Naked Conversations: How Blogs Are Changing the Way Businesses Talk with Customers
Naked Conversations: How Blogs Are Changing the Way Businesses Talk with Customers es un libro de Robert Scoble and Shel Israel (Wiley, New York, 2006)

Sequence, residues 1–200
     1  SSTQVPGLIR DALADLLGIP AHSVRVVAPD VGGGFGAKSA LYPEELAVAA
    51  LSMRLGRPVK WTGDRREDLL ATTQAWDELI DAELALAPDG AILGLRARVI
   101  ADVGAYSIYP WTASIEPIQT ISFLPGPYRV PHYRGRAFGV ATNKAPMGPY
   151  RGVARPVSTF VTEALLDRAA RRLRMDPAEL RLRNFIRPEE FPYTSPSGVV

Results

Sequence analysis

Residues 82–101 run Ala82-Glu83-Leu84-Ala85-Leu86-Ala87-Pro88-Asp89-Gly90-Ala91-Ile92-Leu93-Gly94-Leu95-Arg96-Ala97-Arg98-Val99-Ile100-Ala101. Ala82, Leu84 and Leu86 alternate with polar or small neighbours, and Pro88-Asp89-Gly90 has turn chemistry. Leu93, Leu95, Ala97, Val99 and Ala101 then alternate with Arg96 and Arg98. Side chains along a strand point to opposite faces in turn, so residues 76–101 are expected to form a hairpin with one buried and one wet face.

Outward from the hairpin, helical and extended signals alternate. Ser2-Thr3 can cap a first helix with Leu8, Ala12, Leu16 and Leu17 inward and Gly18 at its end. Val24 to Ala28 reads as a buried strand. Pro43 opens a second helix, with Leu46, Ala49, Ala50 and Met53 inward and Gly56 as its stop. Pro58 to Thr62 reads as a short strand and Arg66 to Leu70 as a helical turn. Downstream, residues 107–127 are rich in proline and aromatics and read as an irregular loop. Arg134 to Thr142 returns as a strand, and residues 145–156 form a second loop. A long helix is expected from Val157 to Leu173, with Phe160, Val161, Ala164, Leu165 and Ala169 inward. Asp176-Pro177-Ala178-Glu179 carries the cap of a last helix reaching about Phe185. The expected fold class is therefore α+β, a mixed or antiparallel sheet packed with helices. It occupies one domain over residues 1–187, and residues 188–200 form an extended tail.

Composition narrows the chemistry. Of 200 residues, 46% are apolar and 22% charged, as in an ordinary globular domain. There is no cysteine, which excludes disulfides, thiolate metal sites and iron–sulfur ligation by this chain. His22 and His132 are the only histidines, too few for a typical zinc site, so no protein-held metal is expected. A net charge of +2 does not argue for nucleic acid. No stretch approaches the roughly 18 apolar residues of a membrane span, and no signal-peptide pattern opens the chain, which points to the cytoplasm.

Successful blogger, Robert Scoble, and co-author Shel Israel, push businesses to blog and explain why it would benefit them. The “naked” in the title represents talking straight to the readers rather than filtering the blog’s contents through company public relations, lawyers, executives, and phoniness. The book starts with a foreword from Tom Peters and proceeds to show why blogging is an efficient way for businesses to communicate with customers, prospects and the world at large. The authors go back in time and give an overview of blogging’s history. Many examples appear to show how companies have benefited from blogging. Also included are interviews with the executive bloggers whose names appear in just about every article on business blogging: Mark Cuban, Bob Lutz, and Jonathan Schwartz. But they also talk with other lesser known business bloggers. The book has an easy to read and understand writing style so anyone who barely knows anything about blogging will be able to grasp it. The authors clearly point out the dos and don’ts when blogging. Not only do they cover how to blog, but also how to get involved in the conversations instead of doing things one-way (always talking and never listening). As a long-time blogger, I believe the tips and advice hit the bull’s eye. Those participating in blog conversations for over a year will most likely be familiar with many of the stories covered in the book. Even those who have been blogging benefit from the book especially the advice for how to do it right and make the most of blogging. I picked up a few things and I’ve been involved with blogging before its first application came to life. The book focuses on business blogging rather than those who treat it like a diary or a personal journal. But no matter the kind of blogger you are, remember that a future employer could find your blog. But what about those who haven’t been baptized in the world of blogging? This well-rounded book should give them all they need to get familiar with blogging and will save a lot of time. Those of us who started earlier had to learn through reading stories and trial and error. Learn how blogging has changed business communications and what strategies businesses should consider when diving into the world of blogging. I believe there are more reasons not to blog than what’s covered in chapter 9′s “The Thorns in the Roses.” This chapter could be expanded further as it practically says anyone can blog except people like Saddam Hussein, those in the security field, boring people, and those full of fear, uncertainty, and doubt. Just like anything in business, I believe that a company needs to evaluate whether or not a blog fits their model. However, it’s vital that companies follow the conversations and hear what’s said about their product, service, and industry. With this book, readers get a well-rounded overview of blogging and how to make it work for businesses even during times of a business crisis. Of course, blogging isn’t all rosy and the authors cover the dark side. Thanks to blogs, people have gotten fired, employees have shared company confidential information with the public, and companies’ reputations have gone downhill because they didn’t listen to the blogosphere (the blogging world). I recommend the book to any business that blogs, those considering it, and executives who don’t understand what the deal is with blogging. An employee who can’t convince upper management the virtues of blogging, or at least listening to the conversations, might be able to change their minds with this book’s help. For existing bloggers, the book is a great resource especially the last chapters that cover the problems with blogging, how to do it right, what not to do, and most important, how not to get fired for blogging.